As long as we're talking about how I dress, I was wearing a black guayabera shirt when I commented yesterday and I trust Amanda Forest Vivian so my dress sense is good according to the rules. Sorry for not volunteering for the video.

  7. I was watching New Year's Rockin' Eve with my wife and elder daughter (because that's what the elderly do), and noticing the Bieb's cardinal red skinny jeans . . . thing. I could have sworn that was standard issue hipster attire.

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  9. I'm new to this and I've never actually run into people who haven't believed me about being disabled or speaking for Autism or anything like that. I guess I've been lucky that people around me have been basically on my side or indifferent. It makes me angry to hear all the things that people seem to say to or about people like me, but I don't know who to get mad at yet because it hasn't happened it person yet. It's sort of a creepy feeling, like having mysterious distant enemies.

    It makes me want to speak out to the larger world myself, both to know first hand what we're up against and to help out. I actually made a blog, just to post this comment. I'd been planning to start blogging and who knows when I'll actually post anything, but you should know that despite being repetitive for you this post pushed me farther in the direction of actually speaking out. I hope that makes you feel a little less frustrated and helpless. You do something by continuing to repeat this stuff.

    Maybe I'll be able to be helpful because I don't dress like a hipster (I think). I'm not sure if I would know if I did. I've dressed in plaid flannel shirts and jeans since 1994, when I was pressured into being fashionable once and that style stuck forever. Nothing else looks right to me. I'm told it went all the way around to back in style again so the effect is perhaps lost now. Or maybe it's out again? Who knows.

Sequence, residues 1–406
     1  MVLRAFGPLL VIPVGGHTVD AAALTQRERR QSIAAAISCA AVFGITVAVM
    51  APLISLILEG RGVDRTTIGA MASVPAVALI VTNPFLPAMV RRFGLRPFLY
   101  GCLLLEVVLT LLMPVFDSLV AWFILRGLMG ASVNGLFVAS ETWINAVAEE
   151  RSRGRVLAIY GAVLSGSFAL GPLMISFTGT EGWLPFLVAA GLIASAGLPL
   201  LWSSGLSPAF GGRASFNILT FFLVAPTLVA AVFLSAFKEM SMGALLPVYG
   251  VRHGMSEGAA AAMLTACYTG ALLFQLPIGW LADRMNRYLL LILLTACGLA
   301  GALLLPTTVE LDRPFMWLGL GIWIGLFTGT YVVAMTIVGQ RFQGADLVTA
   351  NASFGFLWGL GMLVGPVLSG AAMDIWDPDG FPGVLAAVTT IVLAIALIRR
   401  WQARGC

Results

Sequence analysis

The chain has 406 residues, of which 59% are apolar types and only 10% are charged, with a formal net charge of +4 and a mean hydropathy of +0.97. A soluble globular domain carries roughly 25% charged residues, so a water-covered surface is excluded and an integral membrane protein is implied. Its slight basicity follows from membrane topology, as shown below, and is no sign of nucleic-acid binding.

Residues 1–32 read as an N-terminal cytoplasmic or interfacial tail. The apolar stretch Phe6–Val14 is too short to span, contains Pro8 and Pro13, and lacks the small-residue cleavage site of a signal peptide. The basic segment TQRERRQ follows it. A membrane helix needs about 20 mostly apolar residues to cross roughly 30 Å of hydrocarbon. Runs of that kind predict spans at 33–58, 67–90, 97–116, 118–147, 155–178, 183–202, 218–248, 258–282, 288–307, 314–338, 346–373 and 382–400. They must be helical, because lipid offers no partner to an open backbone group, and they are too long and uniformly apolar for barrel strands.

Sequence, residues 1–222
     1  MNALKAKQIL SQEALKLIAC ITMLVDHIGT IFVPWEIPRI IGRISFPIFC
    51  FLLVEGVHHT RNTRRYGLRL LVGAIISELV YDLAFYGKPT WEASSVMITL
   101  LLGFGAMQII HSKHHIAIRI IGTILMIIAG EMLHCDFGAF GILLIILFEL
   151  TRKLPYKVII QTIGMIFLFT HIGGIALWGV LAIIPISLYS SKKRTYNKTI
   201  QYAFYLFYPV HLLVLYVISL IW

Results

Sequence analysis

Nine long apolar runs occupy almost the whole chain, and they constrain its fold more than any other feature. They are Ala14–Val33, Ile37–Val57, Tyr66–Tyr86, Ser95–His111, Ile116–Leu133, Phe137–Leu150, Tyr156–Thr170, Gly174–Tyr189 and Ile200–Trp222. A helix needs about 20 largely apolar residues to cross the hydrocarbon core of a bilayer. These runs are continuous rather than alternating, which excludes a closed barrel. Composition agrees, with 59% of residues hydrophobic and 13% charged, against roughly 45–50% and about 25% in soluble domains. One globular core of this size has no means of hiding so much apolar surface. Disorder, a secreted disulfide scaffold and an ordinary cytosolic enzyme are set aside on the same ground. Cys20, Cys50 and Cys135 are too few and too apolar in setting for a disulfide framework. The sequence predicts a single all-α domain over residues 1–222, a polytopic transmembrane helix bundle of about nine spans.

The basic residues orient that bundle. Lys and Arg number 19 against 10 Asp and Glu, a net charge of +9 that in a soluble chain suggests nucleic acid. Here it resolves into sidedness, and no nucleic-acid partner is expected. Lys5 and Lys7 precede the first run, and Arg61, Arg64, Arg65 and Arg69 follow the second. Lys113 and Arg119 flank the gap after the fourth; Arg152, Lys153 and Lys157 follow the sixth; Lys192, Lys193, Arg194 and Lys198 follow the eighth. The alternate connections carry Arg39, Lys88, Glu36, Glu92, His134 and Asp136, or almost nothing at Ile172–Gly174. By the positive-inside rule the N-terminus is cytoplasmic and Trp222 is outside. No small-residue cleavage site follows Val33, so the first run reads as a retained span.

Anyway, I've managed to push through ridiculous technical difficulties to post this stupid little comment so I hope you don't mind if it wastes your time. Believe me, it wasted more of mine. I'm trying to get better at saying things on the internet, but I think I'm still awkward even here. But I'm going to try because I think Autism blogs on the internet are the first true home I have found and I don't want to be cripplingly shy here too.

    I'm not sure if I have an overall point or summery. But thanks for listening.
    (After all that I had to use my google account. I don't know what's wrong with Blogger)

  10. wow I'm so tired and all I wanted to do is say that I thought Pancho doesn't believe in "wonderful people," but your comment is so nice I feel like I should say a LOT

    if I never manage to respond to it you should remind me, I'm going to go hibernate/buy easymac now

  11. Is now about when I'm supposed to remind you?

    Sorry if it wasn't. (To be honest I'm still slightly nervous that you weren't talking to me, even though I can't figure out who else you would be talking to).

  12. Thank you! Since you reminded me I've had your name written on my keyboard BUT I don't remember what I was actually going to say in response to your comment. I think probably just that I am glad I contributed a tiny push in the direction of your blog starting (you're doing a loud hands post right?) and that I appreciate you battling your technical difficulties and shyness to leave a comment. Also yeah flannel shirts are in sorry. I'm wearing one right now and we know I'm a hipster.

  13. Well, you're welcome. About flannel shirts: it's okay; I know they'll be out again and I'll look properly autistic some day. In the meantime I have to stock up on enough of them to last through the next fashion cycle.